Thursday, February 14, 2013

Cybernetics is a Thing

There is a basic fundamental result in Cybernetics that holds that any self-regulating system must contain a model of itself.  We can examine this in the operation of so simple a self-regulating system as the common household thermostat.

A common design for thermostats is to have a mercury switch attached to a bi-metal ribbon coil.  The two different metals expand and contract with temperature changes to close and open the switch, which then activates or deactivates the heating system.  The coil is adjusted by turning the dial to set the desired temperature.

Now it should be obvious that the coil "measures" the ambient temperature, and can thus be considered an "internal" analog model of the "external" temperature.  (I put "external" in quotes because the entire thermostat is always at that temperature so it is not exactly external, is it?)

It should also be obvious that the angle of adjustment of the dial and the way that that affects the "set point" of the mercury switch is an analog model of the user's desired temperature.

So where is the internal model that Cybernetic theory predicts must exist? The thermostat must contain a model of itself in order to operate, so where is it?

There's a model of the current temperature, that's the current expansion/contraction ratio of the coil.

There's a model of the desired output temperature, that's the angle that the user sets on the dial. That modifies the relationship between the current temperature and the mercury switch which controls the heating system.

Where's the model of the thermostat itself? Switch plus dial plus coil, so simple, how can this system be modelling itself?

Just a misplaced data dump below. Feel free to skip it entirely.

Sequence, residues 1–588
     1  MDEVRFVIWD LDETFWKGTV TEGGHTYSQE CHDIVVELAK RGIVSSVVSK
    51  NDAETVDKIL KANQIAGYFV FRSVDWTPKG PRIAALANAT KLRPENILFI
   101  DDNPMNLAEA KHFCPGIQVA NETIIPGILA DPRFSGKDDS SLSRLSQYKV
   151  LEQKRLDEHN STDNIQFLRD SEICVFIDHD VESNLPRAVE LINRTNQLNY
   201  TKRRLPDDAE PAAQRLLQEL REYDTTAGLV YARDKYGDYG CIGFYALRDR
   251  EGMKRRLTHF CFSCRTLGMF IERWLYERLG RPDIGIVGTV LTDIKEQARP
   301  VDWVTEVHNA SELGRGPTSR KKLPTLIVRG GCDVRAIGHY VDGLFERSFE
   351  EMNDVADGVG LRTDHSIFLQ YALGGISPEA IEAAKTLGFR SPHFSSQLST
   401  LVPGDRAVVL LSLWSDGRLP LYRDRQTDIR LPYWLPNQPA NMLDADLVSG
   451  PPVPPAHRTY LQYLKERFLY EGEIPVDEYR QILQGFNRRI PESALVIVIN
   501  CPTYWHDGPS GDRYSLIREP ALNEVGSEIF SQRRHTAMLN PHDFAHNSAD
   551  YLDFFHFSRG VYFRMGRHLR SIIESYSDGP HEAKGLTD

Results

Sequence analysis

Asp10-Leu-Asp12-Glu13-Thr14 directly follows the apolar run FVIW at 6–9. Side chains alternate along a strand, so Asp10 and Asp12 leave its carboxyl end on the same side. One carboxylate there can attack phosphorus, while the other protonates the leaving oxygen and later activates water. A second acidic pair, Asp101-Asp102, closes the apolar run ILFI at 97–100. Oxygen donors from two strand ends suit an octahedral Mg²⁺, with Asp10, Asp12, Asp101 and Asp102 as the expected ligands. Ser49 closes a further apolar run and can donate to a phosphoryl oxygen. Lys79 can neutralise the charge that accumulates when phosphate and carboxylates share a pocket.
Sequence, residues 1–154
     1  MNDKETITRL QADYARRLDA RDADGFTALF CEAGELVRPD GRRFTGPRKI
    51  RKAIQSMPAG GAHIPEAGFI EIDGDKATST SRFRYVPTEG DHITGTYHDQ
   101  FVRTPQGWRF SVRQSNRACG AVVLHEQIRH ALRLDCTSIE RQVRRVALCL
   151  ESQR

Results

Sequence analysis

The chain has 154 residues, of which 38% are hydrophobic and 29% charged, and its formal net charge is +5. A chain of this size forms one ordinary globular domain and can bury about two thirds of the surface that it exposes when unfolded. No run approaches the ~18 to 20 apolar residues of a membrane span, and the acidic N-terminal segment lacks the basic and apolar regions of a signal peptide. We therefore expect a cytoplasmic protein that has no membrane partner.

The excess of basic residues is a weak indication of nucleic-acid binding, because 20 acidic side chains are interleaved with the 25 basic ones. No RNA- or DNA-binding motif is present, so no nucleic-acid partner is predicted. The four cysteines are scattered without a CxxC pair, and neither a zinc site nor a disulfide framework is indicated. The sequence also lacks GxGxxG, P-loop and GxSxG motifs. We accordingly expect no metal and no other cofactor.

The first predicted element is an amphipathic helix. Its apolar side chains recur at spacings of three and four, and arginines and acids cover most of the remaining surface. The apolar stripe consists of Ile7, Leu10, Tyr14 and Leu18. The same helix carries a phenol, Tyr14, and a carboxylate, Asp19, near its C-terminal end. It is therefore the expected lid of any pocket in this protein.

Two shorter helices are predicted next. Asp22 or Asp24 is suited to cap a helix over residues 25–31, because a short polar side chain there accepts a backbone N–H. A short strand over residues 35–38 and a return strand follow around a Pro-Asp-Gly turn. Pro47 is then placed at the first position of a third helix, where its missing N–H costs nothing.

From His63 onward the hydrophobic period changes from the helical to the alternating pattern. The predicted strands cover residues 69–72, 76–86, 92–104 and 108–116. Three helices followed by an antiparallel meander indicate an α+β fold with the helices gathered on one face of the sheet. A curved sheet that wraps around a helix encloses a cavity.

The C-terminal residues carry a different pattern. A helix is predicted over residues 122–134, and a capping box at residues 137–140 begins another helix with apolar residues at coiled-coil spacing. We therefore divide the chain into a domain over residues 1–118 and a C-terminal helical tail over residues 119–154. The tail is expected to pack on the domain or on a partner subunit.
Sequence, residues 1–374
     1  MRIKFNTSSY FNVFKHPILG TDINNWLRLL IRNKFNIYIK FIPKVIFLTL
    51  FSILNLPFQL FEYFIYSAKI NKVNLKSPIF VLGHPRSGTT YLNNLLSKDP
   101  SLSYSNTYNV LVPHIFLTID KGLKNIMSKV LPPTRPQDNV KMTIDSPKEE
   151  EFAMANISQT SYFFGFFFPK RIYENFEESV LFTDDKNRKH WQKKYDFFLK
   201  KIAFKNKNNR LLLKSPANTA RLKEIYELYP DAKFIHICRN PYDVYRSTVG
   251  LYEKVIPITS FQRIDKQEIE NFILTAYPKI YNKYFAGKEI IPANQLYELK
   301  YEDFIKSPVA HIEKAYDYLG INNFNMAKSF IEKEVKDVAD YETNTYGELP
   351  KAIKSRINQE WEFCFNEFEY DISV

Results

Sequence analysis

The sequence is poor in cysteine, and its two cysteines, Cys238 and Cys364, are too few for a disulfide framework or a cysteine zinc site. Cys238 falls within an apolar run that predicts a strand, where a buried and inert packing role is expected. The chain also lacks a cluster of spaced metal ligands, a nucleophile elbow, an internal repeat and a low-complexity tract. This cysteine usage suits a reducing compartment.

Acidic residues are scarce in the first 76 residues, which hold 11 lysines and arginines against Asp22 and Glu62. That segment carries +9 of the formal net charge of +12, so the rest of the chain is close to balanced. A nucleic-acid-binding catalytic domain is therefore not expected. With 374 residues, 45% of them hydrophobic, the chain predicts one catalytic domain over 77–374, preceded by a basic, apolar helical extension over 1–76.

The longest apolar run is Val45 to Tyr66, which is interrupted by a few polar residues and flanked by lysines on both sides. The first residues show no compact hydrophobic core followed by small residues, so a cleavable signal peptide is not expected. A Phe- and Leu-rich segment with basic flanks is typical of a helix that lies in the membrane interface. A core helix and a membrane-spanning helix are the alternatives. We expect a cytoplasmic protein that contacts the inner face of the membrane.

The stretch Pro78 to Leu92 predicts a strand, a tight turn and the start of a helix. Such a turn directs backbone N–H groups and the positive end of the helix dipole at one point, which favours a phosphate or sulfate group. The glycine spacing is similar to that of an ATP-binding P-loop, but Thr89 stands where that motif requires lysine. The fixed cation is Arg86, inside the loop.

I'll give you a hint: I left out the heating system in the above.  The system is properly:
Room + Air + Heater + Thermostat
Here's another hint: Other than the temperature, the only aspect of the system that the thermostat really needs to model to model itself properly is how long it takes to heat up the room.

Figure it out yet?  Once the temperature of the room reaches the desired temperature the thermostat does not cut off immediately.  The heater runs a little while longer and heats the room a little bit past the desired temperature. You can easily adjust the amount of the delay (and in fact there is a little screw in there just for that purpose) but if it's set correctly you generally don't have to.

But how do you know what the "correct" setting for that delay is?  Well, it depends on how long it takes to heat up the room.

That delay is the self-model in the self-regulating system of "Room + Air + Heater + Thermostat"!

That delay prevents the heater from switching on and off too often, which prevents wasting energy and keeps the room at the desired temperature more efficiently.  If the system changes, say between summer and winter, you can adjust that delay (internal model) to re-optimize the efficiency of the heating system.

Isn't Cybernetics cool?

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